“To assemble a list of the 100 stories that shaped the world you need a global perspective.”
Well it’s a good thing the BBC came along and asked some of our academics for their suggestions then.
And they did not disappoint. Whilst the titles that made the top 10 will no doubt be familiar to anyone with even the slightest interest in literature (1984, Frankenstein, 100 Years of Solitude), the nominations from SOAS scholars include some lesser known masterpieces of storytelling.
Here’s what they went with:
Amina Yaqin, Senior Lecturer in Urdu and Postcolonial Studies
1. Toba Tek Singh (Saadat Hasan Manto, 1955)
2. Untouchable (Mulk Raj Anand, 1935)
3. Umrao Jaan Ada (Mirza Hadi Ruswa, 1899)
4. Heer Ranjha (Waris Shah, 1766)
5. Lihaaf (Ismat Chughtai, 1942)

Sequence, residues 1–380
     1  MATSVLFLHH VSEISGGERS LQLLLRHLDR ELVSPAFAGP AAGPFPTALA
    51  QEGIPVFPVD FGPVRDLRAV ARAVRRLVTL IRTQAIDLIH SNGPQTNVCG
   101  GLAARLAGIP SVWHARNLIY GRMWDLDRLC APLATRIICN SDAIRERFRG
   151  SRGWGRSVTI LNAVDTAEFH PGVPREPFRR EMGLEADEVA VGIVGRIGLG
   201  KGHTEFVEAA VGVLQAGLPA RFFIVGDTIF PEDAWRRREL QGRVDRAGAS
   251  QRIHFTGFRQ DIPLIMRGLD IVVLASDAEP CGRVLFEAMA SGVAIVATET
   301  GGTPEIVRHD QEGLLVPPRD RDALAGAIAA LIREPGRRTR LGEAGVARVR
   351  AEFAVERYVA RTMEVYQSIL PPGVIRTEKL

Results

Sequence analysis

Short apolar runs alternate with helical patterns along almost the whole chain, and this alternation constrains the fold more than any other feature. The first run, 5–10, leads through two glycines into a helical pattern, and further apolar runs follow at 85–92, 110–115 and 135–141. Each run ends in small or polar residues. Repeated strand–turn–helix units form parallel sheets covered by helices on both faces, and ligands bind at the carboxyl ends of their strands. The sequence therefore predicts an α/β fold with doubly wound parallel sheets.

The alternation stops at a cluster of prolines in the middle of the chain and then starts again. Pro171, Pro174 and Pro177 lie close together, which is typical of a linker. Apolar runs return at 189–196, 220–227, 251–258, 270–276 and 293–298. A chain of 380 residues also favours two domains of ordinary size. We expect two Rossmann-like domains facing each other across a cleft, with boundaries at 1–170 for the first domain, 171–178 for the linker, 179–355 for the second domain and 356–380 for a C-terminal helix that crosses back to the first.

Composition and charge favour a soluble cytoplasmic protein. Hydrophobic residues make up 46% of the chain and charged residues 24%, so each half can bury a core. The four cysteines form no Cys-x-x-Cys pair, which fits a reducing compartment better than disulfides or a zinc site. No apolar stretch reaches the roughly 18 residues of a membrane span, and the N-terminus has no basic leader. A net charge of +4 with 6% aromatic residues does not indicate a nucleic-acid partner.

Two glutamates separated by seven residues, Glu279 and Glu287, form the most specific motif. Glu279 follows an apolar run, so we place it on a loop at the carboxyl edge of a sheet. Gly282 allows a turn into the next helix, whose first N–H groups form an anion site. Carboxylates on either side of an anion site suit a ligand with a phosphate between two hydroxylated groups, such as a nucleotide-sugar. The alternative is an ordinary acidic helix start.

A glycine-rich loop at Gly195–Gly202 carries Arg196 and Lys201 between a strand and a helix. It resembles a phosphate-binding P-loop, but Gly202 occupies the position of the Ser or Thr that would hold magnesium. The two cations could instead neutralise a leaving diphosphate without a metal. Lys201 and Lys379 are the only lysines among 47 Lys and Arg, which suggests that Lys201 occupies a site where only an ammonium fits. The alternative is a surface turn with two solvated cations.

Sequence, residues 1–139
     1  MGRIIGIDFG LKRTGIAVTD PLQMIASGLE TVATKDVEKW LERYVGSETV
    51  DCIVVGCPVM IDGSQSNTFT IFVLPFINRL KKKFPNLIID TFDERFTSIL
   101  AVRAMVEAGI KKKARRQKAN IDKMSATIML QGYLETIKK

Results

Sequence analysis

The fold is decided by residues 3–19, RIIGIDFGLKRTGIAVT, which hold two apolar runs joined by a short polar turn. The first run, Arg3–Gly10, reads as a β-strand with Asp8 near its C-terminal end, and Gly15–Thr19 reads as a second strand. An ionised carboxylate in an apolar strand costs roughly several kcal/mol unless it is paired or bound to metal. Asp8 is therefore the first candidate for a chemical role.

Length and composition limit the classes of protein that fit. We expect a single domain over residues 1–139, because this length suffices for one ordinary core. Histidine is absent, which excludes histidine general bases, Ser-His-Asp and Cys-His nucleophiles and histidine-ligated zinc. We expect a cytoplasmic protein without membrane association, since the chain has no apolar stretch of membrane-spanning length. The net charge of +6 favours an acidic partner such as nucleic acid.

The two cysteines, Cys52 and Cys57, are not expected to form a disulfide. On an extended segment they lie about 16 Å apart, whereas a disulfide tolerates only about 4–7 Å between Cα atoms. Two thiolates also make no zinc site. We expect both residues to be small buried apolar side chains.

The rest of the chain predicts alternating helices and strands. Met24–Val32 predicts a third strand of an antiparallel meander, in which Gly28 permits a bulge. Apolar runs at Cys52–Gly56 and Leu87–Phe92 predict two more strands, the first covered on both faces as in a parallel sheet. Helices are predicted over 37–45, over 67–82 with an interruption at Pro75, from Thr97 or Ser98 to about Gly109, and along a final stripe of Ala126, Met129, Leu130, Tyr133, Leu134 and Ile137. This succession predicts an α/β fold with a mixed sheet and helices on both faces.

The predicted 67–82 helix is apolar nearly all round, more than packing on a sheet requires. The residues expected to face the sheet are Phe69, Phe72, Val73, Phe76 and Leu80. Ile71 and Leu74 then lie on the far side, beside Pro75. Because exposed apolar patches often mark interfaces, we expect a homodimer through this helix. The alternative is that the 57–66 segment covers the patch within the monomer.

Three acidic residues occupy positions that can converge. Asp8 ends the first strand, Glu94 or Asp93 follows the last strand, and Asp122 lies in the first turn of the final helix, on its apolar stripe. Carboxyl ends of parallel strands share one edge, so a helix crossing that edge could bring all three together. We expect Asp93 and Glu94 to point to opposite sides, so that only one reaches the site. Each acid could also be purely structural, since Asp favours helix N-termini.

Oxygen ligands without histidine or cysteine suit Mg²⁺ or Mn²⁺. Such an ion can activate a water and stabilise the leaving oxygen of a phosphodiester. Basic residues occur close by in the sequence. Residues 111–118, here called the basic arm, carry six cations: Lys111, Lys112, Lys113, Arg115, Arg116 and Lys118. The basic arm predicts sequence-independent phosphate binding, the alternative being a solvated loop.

Rachel Dwyer, Professor of Indian Cultures and Cinema
1. The Mahabharata (attributed to Vyasa, 4th Century BC)
2. The Odes (Horace, 23-13 BC)
3. The Iliad (Homer, 8th Century BC)
4. The Rime of the Ancient Mariner (Samuel Taylor Coleridge, 1798)
5. The Odyssey (Homer, 8th Century BC)
Andrew George, Professor of Babylonian
1. The Epic of Gilgamesh (author unknown, circa 22nd-10th centuries BC)
2. War and Peace (Leo Tolstoy, 1865-1867)
3. Middlemarch (George Eliot, 1871-1872)
5. Things Fall Apart (Chinua Achebe, 1958) “Published within my lifetime, it has been possible to see the effect of a single work of fiction in offering a radically different ‘view of Africa’,” says novelist @Naidoo_J2Jhttps://t.co/dX2j1XTxWi#100storiespic.twitter.com/cYOr4jggT1
— BBC Culture (@BBC_Culture) May 22, 2018
You can see the full top 10 list on BBC Culture’s Twitter page.
But what about you? Let us know your top 5 in the comments below or on our Twitter/Instagram channels.
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